500 Freed From Slavery!

Posted: May 16, 2011 in current events, justice, poor

Exciting news from the International Justice Mission:

Friday, 13 May 2011
CHENNAI – Today, 514 children, women and men are living in freedom after being rescued from a brick kiln in IJM’s largest anti-slavery operation ever. Sparked by a brother’s desperate plea, the operation brought freedom to nearly 400 forced to work in the kiln – including 23 children, the youngest only 8 years old – and their dependents, either too old and frail or too young and weak to work, but still held captive within the factory’s walls…

On the afternoon of Wednesday, April 27, 2011, a team of government officials and IJM staff, accompanied by police, entered the brick kiln, intent on liberating any laborers held there by force…

It soon became apparent that the initial estimate of 200 people fell far short: A sea of people clad in tattered, but colorful, mud-flecked clothing stretched nearly 30 yards from where the team’s rallying point had been established. The sight was overwhelming.

IJM Chennai Director of Aftercare Pranitha Timothy turned to the throng and shouted in Hindi, “Who wants to come out?” Immediately, hundreds of hands shot up into the air.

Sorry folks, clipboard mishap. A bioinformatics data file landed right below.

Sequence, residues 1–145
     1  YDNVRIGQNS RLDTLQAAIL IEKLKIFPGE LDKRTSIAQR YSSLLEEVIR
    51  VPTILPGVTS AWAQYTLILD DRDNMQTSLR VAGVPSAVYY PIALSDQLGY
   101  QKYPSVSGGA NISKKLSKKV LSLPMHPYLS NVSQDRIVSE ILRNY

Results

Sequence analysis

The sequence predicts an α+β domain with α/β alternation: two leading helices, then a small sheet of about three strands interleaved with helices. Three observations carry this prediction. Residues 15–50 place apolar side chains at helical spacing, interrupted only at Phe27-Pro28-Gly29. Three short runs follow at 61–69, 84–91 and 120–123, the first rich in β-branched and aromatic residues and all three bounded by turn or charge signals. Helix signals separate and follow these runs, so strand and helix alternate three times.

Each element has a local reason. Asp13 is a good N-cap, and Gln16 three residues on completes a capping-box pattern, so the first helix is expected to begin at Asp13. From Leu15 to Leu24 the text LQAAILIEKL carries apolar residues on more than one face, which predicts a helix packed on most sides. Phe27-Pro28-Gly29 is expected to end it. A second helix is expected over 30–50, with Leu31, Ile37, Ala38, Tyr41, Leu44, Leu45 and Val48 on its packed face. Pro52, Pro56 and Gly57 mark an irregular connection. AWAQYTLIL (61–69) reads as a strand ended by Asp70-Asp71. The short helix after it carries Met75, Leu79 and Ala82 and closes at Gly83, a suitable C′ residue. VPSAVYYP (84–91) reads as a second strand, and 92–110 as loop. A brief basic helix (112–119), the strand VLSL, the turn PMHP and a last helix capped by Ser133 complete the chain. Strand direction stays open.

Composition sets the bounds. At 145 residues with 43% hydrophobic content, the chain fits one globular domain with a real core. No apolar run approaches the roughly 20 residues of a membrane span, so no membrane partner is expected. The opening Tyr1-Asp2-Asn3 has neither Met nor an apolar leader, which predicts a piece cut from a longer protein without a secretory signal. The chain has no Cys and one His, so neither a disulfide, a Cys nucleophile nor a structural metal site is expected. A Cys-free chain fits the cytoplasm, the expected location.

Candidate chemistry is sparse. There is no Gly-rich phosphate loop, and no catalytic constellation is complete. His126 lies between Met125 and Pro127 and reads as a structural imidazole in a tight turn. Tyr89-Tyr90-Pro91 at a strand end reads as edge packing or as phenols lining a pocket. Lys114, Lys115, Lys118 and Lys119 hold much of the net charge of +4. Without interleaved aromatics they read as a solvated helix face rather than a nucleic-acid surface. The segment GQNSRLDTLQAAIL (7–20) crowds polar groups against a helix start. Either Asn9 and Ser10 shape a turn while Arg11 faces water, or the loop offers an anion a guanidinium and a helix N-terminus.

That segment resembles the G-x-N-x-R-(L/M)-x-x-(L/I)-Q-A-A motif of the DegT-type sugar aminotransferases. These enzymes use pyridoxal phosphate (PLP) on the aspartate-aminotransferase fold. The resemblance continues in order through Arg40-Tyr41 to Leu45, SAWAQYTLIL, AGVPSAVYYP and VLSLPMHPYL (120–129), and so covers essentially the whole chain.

The article concludes with this wonderful statement:

“This is the most impressive display we have seen to date of the government being proactive in combating bonded labor and being sensitive to the needs of the victims,” remarked Saju Mathew, IJM South Asia Regional Director. “It is a huge encouragement to work with talented, dedicated officials like these, who clearly demonstrate the potential of the government to lead the charge against bonded labor in India.” For the next two days, Kandasamy stood on the platform of the local train station to send off the free children women and men in groups, watching as they boarded train cars that he had ordered to be attached on their behalf. IJM aftercare staff are making plans to ensure the families have the training they need to establish new lives in freedom. They have now returned home – more than 1000 miles from the place where they were enslaved – where they can live in safety.


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